Wednesday, October 30, 2013

The Muley

The terrible wind blew itself away, so this morning, I took to the river to wander. I wanted to see what this prairie had to show me.

My friend and I grabbed some coffee and homemade banana bread and flew out the door. The state park we like to go to is just a short drive, but when we got there it seemed so far away. From everything.

There's a bench over looking the Platte River. We sat for a minute, drank our coffee from tin cups and watched the river which appeared to be moving in slow motion. We noticed that the banana bread matched the color of the landscape. The big grey sky wasn't the normal turquoise blue but the horizon went on and on, to meet one more.

"I really want to see a deer. I need to see a deer," I explained to K. It looked empty of wildlife, but we strolled the riverbank quietly and slowly in hopes of seeing something. You can't be impatient on the prairie.

We stepped on tall grasses that were flattened by heavy snow and everything around us was the color of harvest wheat and raw umber. Crunchy stems and leaves and pods stood wearily waiting for the next storm to take them down. No more fragrance in the flowers, no sweetness in the sage. Cattails were bursting out, their seeds looking like silky cotton fluff.

The night before I'd been reading my Pocket Guide To Spirit Animals. It's no surprise that the Owl plays a major role in my life. I've become accustom to what they stand for and how they've come to stay. Owl is always here. Lately though, I've been thinking about deer. I've been asking for the the stillness deer can show me. Deer are highly sensitive, and I am the same. Just like in the owl spirit world, deer are intuitive creatures. If you hang around me long enough, you will hear me boast "I am psychic."

A connection with this animal claims you have the ability to handle challenges with grace. Grace is something I don't have. Yet. I ask for gentleness the deer can offer.

Today, this prairie, this land some describe as lonely, spoke to me. Today, I felt free from my reslessness. I found the stillness I was looking for. A Mule deer and I exchanged smiles, then he gracefully moved on.



Sunday, October 20, 2013

Of Moons And Mountains And A Bear

I get excited and practically giddy when I go to Red Feather.

We park up on top, among the copper boulders that surround the Silver Moonbeam. The first thing I do when I get out of the Subaru is stand still, look everything over, scan the land, and breathe it all in.

It had snowed recently and the bunny tracks are everywhere. Some other critters' feet prints have made laps around the trailer, but I can't tell what kind. The aspen trees are standing still and bare and I don't hear a sound. Giddiness is replaced with peace.

That is why I go here. That is what I like.

It's also what I need, this wild refuge that makes me think differently. The serene and gentleness of the pines standing guard, those hoodoo rocks that seem like strong arms protecting me from the world I'm annoyed with. My ravens that always, always show up and give me a wink as they fly on by. They can read my mind.

I wonder if my owl will tell me a secret tonight.

C and I have the warmest sleeping bags! He makes sure of that. We've got a supply of handmade wool hats and beanie caps that my mom makes, base layers and smart wools and fingerless gloves and headlamps. With a stack of books and hot tea, we're settled in for a cozy night, in a vintage trailer, high in the mountains.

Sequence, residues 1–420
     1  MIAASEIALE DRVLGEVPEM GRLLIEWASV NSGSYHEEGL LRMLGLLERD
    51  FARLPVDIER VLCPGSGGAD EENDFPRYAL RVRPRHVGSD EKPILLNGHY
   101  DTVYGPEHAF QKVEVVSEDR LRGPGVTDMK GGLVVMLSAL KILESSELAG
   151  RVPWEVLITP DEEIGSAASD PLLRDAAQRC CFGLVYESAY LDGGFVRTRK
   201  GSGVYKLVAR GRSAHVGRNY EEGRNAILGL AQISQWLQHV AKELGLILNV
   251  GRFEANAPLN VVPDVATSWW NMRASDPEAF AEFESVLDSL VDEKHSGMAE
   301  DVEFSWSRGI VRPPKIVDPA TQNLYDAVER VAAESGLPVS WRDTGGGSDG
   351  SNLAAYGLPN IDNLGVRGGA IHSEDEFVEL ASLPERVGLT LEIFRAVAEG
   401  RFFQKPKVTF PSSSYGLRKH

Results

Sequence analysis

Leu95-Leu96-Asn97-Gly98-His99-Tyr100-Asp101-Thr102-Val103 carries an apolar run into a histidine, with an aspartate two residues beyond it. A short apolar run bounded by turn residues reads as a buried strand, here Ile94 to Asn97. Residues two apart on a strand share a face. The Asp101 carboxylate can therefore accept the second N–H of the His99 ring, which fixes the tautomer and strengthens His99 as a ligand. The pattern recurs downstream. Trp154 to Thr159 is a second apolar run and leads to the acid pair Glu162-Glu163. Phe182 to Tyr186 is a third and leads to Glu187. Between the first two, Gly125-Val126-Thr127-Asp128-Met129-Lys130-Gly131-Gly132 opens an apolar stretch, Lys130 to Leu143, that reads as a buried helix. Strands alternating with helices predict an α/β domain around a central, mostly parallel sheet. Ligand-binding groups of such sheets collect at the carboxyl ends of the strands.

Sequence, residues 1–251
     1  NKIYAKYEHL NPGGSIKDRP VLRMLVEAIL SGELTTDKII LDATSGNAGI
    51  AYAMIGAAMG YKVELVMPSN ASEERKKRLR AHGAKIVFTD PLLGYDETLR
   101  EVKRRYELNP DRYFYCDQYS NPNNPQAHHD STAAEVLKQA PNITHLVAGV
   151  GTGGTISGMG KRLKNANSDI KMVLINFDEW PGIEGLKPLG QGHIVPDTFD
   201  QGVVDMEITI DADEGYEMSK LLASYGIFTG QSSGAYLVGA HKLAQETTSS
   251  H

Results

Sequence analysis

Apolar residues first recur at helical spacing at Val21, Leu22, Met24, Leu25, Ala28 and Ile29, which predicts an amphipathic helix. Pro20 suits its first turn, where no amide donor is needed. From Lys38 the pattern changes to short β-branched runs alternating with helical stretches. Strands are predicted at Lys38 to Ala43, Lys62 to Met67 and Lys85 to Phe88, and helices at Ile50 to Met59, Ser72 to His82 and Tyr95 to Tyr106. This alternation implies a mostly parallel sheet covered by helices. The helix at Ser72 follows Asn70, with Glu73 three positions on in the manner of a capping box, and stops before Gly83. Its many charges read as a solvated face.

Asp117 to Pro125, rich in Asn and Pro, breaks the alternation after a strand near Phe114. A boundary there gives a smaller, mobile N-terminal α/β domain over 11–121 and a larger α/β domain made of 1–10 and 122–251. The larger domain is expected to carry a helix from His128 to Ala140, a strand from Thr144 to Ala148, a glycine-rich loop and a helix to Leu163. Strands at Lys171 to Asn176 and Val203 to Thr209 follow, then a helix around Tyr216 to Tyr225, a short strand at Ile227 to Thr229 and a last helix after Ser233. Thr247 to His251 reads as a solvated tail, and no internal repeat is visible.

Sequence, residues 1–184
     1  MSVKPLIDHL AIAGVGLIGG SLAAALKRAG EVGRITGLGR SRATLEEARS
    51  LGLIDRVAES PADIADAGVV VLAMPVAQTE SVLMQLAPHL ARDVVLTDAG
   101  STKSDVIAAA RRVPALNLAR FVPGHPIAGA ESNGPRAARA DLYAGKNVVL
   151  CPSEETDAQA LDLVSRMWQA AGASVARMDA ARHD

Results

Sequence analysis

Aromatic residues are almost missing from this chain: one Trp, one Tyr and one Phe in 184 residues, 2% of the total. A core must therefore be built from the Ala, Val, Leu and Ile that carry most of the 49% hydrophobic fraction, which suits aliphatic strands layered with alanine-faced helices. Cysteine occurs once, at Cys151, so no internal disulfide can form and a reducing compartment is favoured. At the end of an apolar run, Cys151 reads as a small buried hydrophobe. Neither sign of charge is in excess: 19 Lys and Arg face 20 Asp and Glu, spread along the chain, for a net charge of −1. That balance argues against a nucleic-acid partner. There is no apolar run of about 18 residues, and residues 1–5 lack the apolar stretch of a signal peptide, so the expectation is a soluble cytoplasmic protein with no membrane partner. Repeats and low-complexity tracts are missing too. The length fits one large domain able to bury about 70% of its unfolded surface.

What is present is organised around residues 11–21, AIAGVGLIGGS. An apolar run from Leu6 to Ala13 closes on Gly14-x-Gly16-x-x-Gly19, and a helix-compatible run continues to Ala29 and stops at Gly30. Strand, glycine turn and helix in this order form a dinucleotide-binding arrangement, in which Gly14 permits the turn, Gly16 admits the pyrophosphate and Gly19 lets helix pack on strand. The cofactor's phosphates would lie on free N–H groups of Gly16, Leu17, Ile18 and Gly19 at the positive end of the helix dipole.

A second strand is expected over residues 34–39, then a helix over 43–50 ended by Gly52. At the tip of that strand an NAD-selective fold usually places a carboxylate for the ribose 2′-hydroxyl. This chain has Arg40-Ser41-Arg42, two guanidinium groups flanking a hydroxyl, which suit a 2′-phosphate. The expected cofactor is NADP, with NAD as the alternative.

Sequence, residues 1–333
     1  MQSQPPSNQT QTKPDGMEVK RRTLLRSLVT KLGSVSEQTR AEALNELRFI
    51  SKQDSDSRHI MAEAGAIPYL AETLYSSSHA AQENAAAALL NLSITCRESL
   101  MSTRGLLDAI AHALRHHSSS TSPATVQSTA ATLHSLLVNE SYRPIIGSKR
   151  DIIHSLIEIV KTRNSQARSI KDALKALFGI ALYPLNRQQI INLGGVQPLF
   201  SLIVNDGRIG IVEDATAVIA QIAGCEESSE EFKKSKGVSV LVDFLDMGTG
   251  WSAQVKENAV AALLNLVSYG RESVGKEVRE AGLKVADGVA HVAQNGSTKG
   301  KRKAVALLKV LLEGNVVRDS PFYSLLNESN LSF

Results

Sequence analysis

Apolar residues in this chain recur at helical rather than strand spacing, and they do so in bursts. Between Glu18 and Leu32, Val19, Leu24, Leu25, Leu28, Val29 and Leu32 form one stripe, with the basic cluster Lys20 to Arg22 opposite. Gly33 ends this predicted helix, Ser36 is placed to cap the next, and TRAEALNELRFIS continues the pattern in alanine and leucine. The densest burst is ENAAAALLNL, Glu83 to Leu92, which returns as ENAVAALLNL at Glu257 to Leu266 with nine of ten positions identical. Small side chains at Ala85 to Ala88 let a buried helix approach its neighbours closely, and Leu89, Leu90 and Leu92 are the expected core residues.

I wonder if Peaches is hibernating yet? The sign is still up, to be alert of the bear that's been sighted in our area. He's a big bear! It's still early, not yet winter. He's probably still looking to put on few more pounds, to thicken up his black fur coat. I didn't leave him any honey this time. And peach season is over. I hope he's fat and happy and making a den for himself. And maybe, just maybe, Peaches is a girl. I can't wait to find out next summer.


Thursday, October 17, 2013

What It Was Like

My street after the blizzard. Power lines and trees down.
The eerie sound of branches creaking & cracking all around us.
View outside my door.
That was then. This is now.


Monday, October 14, 2013

Walking Gently On The Frost

"You expected to be sad in the fall.

Part of you died each year when the leaves fell from the trees and their branches were bare against the wind and the cold, wintery light.

But you knew there would always be the spring, as you knew the river would flow again after it was frozen. When the cold rains kept on and killed the spring, it was as though a young person died for no reason.”

― Ernest Hemingway, A Moveable Feast


Tuesday, October 1, 2013

I Was Kicked Out Of The Park

This morning I woke up in a tent. It was cold so I built a fire and made coffee. Enjoying my cup and the quiet and the scenery, a park ranger pulled up in his jeep, got out and reluctantly told me I had to leave the campground as soon as possible because they were going to close the park.

You know, due to the shut down.

So, I finished my joe and packed up unhurriedly. I stopped to savor the canyon, the sound of the creek, the leaves on the trees, and the red dirt under my boots.

The Bighorn Canyon is stunning and full of wildlife, I wasn't ready to go yet. It was a strange feeling, having to leave the area so abruptly. It was depressing.

But, then I started thinking about my leisurely drive through the Big Horn Mountains the day before. Taking in all the changes of autumn, the fresh snow on the mountains, the lavender willows and red thickets and stopping to observe the basque sheep herders and their huge flock on the move. I started thinking about the female big horn sheep I saw on my way to the campground and the skull I found by the creek.

At least I had those thoughts to hold on to. No one could take that away.